An experienced Brazilian futsal coach has settled in Vietnam, continuing a mission of turning a generation of young Vietnamese into great futsal players.
Antonio Jose Azevedo, or Zego, a 63-year-old futsal coach from Brazil with over 40 years of experience in training kids, has been coaching young players in the Thai Son Nam Futsal Club, the top team on Vietnam, for the past four years.
Zego starts each training session at the club’s stadium in District 8, Ho Chi Minh City, by teaching young players new techniques before correcting their mistakes.
The coach then works with the kids, imparting tips and tricks gathered from his decades of experience in the game, in order to help his club develop the best techniques to excel on the field.
The Brazilian coach came to Vietnam in August 2012 after being introduced to Tran Anh Tu, chair of the Ho Chi Minh City Football Federation, by Sergio Gargelli, head coach of Vietnam’s national futsal team at the time.
Despite a lower salary, Zego decided to leave his job in Spain for a coaching position with Thai Son Nam after being offered the position.
His motivation for the move was rooted in knowing that Vietnam is one of the few Asian countries interested in training young futsal players at an early age.
He was first charged with the coaching and strategic training of the club’s under-18 team before becoming a mentor to 20 players on the under-13 team in July 2015.
Training children is a career that Zego loves, the coach said, adding that he has worked as a sports instructor for both adult and junior teams in about 20 different countries, mostly in Europe.
Zego has found a special place in his heart for younger players as he wants to watch them grow each day, which has been a joy for him while working in Vietnam, the coach continued.
He said that his Vietnamese students are very fast learners and have a bright future in the sports.
As futsal has its differences with association football, it is recommended that players begin training at young ages, Zego assessed, adding that children in his country usually start at the age of six.
The Vietnamese national futsal team winning a ticket to the 2016 World Cup in Colombia in September has been a great motivation for his students, Zego said.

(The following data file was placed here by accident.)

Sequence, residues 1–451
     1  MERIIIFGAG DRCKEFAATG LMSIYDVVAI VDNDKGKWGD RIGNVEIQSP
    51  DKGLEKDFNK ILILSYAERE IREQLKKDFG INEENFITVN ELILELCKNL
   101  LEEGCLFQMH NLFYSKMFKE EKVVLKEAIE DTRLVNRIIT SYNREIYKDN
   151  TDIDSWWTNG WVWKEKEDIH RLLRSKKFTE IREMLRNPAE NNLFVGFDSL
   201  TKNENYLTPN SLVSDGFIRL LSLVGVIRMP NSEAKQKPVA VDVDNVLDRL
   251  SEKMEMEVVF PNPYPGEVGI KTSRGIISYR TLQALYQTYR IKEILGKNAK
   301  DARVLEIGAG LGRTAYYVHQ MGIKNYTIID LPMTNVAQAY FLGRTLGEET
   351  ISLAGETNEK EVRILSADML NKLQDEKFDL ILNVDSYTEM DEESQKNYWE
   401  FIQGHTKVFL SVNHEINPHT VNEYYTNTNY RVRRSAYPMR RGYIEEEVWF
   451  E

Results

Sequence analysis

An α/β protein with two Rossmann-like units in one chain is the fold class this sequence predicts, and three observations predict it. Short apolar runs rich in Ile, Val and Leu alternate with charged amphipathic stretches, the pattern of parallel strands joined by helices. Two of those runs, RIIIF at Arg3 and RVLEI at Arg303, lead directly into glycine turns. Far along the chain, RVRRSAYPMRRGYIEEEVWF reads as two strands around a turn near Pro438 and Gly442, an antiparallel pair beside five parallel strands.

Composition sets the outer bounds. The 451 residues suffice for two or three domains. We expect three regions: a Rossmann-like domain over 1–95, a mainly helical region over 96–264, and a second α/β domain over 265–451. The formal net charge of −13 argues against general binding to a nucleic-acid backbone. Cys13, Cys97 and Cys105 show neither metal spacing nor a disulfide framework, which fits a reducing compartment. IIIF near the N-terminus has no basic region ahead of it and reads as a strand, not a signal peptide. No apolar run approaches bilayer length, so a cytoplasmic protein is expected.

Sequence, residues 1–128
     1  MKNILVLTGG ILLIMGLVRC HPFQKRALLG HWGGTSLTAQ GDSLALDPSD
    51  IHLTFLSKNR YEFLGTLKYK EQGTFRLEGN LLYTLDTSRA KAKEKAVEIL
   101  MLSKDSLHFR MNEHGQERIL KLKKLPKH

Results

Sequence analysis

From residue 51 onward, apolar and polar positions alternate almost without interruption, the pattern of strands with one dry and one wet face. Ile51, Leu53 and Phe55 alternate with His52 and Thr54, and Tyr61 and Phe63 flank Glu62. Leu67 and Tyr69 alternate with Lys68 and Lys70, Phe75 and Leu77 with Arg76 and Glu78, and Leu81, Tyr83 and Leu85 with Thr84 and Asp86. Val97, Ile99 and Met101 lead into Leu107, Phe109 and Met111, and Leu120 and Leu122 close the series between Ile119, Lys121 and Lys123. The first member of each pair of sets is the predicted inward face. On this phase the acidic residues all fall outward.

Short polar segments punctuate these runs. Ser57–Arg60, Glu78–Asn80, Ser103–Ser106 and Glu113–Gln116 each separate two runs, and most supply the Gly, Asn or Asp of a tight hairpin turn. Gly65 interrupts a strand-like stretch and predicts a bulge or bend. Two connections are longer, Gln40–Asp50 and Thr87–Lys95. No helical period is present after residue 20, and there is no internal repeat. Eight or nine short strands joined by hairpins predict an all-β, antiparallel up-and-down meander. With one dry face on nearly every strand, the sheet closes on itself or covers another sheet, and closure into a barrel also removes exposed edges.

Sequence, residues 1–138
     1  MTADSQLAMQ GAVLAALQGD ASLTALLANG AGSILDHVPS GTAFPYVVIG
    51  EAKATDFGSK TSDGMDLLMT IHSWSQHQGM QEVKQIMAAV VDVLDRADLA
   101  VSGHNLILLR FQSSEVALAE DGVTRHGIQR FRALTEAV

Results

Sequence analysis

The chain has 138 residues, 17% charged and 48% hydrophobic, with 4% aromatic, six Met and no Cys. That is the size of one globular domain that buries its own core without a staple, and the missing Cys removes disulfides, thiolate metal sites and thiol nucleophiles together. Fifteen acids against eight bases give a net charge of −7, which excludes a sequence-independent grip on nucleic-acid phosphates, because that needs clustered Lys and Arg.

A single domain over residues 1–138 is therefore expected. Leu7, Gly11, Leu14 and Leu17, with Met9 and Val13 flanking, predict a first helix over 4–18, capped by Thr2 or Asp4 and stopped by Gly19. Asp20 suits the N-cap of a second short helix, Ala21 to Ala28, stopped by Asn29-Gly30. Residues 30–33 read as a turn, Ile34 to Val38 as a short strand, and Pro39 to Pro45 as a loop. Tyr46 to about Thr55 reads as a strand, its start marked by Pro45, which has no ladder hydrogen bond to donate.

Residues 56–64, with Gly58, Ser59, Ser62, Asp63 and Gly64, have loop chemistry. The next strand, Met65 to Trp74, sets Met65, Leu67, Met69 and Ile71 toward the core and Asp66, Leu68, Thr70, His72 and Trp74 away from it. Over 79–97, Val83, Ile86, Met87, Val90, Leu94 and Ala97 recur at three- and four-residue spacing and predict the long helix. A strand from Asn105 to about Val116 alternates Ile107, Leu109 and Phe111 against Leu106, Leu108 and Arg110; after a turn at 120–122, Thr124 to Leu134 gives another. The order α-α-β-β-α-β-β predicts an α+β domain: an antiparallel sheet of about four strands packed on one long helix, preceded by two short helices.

The trainer believes that the under-13 team will become the best generation of Vietnamese futsal players, as they have been given some great advantages compared to their older counterparts.
Besides comprehensive training at an early age, the kids are allowed to observe the older and more experienced players during practice, according to Zego.
The young players also have the opportunity to participate in friendly matches with the older athletes, he added.
Hieu Nghi, one of Zego’s students, said that before being coached by Zego, he would often become nervous when given the ball as he feared that it might be stolen by his opponents.
However, with the instruction of the Brazilian coach, Nghi has overcome this problem.
The young player believed that with helpful and exciting lessons from his teacher, he would become a member of the national futsal team and be able to compete in international championships.
“Zego, with his professional experience, has been doing a very good job for the past four years. I have great hope in the young players of his team,” Chairman Tu asserted.
Born in 1953 in Sao Paulo, Zego is a well-known name in the futsal world. He played on the Brazil national futsal team for six years.
Among his accomplishments, the coach spent eight years in Spain training the country’s two major futsal clubs, which have each won national and European championships several times.
Sharing a little about his personal life, Zego said that he was not married, adding that if he was, his wife would not let him work in so many countries.
The coach often takes a walk after work around his neighborhood in District 7 or heads to one of his favorite restaurants in District 1.
The bustling life of Ho Chi Minh City during day and night is an attraction for expats like him, Zego said.